Rick Shenkman stellt eine neue Studie des Politikwissenschaftlers Shawn Rosenberg von der University of California vor, der ein baldiges Ende der demokratischen Ordnung voraussagt und sich dabei vor allem auf psychologische Ursachen beruft. "As much as President Donald Trump’s liberal critics might want to lay America’s ills at his door, Rosenberg says the president is not the cause of democracy’s fall — even if Trump’s successful anti-immigrant populist campaign may have been a symptom of democracy’s decline. We’re to blame, said Rosenberg. As in 'we the people.' Democracy is hard work. And as society’s 'elites' — experts and public figures who help those around them navigate the heavy responsibilities that come with self-rule — have increasingly been sidelined, citizens have proved ill equipped cognitively and emotionally to run a well-functioning democracy. As a consequence, the center has collapsed and millions of frustrated and angst-filled voters have turned in desperation to right-wing populists. His prediction? 'In well-established democracies like the United States, democratic governance will continue its inexorable decline and will eventually fail.'"

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"Trump administration wants to 'reset' relations with EU"


Die US-Regierung strebe einen Neustart in den Beziehungen zur EU an, berichtet David M. Herszenhorn anlässlich des Besuchs von Außenminister Pompeo in Brüssel. "Pompeo, Trump's chief diplomat, arrives in Brussels Monday for a quick two-day visit, in which he will meet European Parliament President David Sassoli and the EU's incoming leadership team: Commission President-elect Ursula von der Leyen, Council President-elect Charles Michel, and the nominee for foreign affairs chief, Josep Borrell. But in a sign of how strained relations have become between Washington and Brussels over an array of issues, including Iran, trade and climate change, Pompeo will not see any of the EU leaders currently in office."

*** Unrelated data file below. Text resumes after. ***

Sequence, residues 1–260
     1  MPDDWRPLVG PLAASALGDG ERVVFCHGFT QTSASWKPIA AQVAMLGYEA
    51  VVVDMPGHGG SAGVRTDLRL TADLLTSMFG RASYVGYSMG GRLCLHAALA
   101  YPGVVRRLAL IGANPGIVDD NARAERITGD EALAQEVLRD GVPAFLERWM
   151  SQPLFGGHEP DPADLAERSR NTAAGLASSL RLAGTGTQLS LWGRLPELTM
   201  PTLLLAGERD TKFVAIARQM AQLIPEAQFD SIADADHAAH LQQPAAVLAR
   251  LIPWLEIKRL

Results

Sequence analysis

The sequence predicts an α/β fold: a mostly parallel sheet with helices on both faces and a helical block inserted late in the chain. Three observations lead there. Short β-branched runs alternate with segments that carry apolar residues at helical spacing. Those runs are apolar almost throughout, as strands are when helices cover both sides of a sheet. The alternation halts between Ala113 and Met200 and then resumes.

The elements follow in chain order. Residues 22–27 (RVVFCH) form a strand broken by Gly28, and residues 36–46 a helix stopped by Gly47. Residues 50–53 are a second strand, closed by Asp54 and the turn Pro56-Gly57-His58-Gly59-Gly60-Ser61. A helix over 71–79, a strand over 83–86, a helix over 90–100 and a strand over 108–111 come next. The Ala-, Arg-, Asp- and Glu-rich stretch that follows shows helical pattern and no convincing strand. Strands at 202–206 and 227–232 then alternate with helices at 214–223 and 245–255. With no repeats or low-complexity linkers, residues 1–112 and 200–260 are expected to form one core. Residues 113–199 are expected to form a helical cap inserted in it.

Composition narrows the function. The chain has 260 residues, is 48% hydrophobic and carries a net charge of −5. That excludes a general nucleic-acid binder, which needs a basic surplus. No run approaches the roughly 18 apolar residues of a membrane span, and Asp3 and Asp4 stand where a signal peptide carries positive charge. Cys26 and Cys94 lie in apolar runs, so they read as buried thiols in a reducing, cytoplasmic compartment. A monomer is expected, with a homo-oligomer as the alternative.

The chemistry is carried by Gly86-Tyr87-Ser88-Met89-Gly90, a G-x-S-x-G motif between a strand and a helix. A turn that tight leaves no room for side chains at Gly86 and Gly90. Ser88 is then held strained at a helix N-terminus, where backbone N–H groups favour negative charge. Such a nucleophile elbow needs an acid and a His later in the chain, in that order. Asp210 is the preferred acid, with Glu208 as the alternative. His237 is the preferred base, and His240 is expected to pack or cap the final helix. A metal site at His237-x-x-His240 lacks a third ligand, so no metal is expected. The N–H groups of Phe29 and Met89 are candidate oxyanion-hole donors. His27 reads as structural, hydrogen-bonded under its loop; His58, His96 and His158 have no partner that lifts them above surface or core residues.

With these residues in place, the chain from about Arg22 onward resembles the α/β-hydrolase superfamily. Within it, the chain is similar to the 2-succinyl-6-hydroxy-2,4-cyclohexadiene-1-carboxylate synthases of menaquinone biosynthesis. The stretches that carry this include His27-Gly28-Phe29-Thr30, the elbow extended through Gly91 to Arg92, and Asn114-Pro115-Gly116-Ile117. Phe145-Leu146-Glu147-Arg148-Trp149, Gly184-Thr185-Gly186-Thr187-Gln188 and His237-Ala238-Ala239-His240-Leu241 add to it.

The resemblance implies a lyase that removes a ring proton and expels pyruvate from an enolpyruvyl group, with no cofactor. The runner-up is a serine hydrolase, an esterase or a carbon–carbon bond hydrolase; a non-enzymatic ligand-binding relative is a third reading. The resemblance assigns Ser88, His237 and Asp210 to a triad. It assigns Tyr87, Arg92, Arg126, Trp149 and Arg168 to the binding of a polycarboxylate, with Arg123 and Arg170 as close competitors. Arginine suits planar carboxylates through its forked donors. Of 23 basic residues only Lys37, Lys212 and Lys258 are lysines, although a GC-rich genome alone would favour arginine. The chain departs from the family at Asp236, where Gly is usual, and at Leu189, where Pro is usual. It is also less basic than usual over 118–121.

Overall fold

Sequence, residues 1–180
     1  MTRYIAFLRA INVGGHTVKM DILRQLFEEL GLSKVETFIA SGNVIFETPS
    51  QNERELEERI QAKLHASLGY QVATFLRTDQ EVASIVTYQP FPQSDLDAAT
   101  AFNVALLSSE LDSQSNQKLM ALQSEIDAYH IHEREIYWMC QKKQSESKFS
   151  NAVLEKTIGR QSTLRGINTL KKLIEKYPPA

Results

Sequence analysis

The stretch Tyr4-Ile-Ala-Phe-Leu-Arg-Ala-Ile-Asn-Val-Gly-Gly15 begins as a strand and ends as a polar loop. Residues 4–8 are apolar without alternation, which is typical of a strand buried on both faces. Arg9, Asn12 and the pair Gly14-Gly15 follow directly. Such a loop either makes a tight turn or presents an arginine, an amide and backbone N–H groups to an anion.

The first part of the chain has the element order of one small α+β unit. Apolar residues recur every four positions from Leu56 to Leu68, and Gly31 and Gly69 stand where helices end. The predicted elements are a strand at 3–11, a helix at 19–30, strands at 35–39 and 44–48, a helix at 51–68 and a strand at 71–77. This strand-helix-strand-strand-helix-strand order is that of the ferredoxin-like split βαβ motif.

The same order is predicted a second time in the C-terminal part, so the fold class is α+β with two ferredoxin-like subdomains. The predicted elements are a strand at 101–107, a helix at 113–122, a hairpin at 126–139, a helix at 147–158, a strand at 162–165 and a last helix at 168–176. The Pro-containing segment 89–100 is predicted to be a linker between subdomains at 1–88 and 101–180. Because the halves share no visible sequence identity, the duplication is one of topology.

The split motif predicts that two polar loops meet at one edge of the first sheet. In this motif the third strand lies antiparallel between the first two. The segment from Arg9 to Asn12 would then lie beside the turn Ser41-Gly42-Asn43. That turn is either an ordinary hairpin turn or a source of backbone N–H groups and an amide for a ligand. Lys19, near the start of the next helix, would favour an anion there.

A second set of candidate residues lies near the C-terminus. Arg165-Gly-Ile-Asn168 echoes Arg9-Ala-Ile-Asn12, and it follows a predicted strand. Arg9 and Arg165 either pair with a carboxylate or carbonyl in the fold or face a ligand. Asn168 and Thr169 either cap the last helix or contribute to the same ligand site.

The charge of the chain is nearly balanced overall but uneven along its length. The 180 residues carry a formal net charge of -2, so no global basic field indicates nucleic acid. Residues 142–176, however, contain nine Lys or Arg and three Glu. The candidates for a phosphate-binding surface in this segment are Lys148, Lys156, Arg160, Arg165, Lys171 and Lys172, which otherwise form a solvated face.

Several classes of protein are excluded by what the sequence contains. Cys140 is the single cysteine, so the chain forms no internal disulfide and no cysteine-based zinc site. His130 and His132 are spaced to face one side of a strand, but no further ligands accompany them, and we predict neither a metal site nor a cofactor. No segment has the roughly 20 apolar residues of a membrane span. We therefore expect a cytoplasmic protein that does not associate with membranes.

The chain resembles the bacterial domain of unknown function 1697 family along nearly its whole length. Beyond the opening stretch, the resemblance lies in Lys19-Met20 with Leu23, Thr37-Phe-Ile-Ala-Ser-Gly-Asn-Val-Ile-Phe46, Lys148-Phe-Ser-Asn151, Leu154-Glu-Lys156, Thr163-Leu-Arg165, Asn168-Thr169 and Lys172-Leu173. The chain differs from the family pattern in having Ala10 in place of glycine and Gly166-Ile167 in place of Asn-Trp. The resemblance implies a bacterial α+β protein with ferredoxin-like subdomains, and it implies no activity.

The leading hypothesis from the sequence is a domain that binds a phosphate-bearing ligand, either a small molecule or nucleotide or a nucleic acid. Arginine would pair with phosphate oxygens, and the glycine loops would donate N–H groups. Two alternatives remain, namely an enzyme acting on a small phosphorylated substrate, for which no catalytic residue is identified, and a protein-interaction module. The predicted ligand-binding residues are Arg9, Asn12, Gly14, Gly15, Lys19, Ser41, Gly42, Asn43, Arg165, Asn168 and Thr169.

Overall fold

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"'Sorry, it’s the way I negotiate': Trump confounds the world at wild G-7"


Gabby Orr berichtet, dass US-Präsident Trump beim G7-Gipfel in Biarritz mit seiner eigenwilligen Verhandlungstaktik für Verwirrung gesorgt habe. "It was typical Trump on display on the world stage, refusing to be boxed in by anyone on anything. The president’s meandering statements and conflicting remarks left aides and allies alike guessing at his intended course of action — and his critics reviving questions about his fitness for office. 'Sorry, it’s the way I negotiate,' Trump shot back at a reporter during Monday’s press conference when questioned about whether there’s an actual strategy behind his constant back-and-forth on his positions regarding trade with China. 'It has done very well for me over the years,' Trump said. 'It’s doing even better for the country.'"

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"Trump’s Greenland Gambit Might Be Crazy — But It Could Also Be the Future"


Joshua Keating betrachtet das Interesse des US-Präsidenten an einem Erwerb Grönlands als wahrscheinlich unbeabsichtigte Reaktion auf den Klimawandel. Andere Regierungen könnten sich bald gezwungen sehen, ebenfalls nach neuen Landmassen Ausschau zu halten. "Trump probably doesn’t realize it, but he’s not the first president in recent years to look at the coming impact of climate change and decide to buy land. And with dislocated populations and scarcer resources looming on the horizon, he might not be the last. (...) just because Trump’s Greenland purchase is a nonstarter, doesn’t mean our notions of territorial control won’t get a little more fluid in the future, particularly as climate change physically reshapes the planet. Perhaps some countries will be forced to pick up and move."

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"'People don’t want to be stupid twice': Foreign diplomats brace for Trump 2020 win"


Ausländische Diplomaten in den USA bereiten sich Nahal Toosi zufolge auf eine Wiederwahl von US-Präsident Trump im nächsten Jahr vor. "Foreign diplomats are still feeling burned after assuming Donald Trump would lose in 2016 — and they don’t want to be fooled again. So many of them are quietly preparing for and predicting a Trump victory in 2020. Some are even trying to game out who will be on the president’s team in a second term. The belief that Trump will win reelection — gleaned from conversations with around 20 foreign diplomats, international officials and analysts who deal with them — appears widespread. (...) There’s no known scientific survey on the topic — few foreign officials would participate in one given diplomatic norms that preclude them from commenting on another country's internal politics. But none who talked to POLITICO was willing to say Trump will lose. Instead, they pointed to three key advantages for Trump: He’s the incumbent, the U.S. economy is strong and the Democrats have no definitive front-runner to challenge him."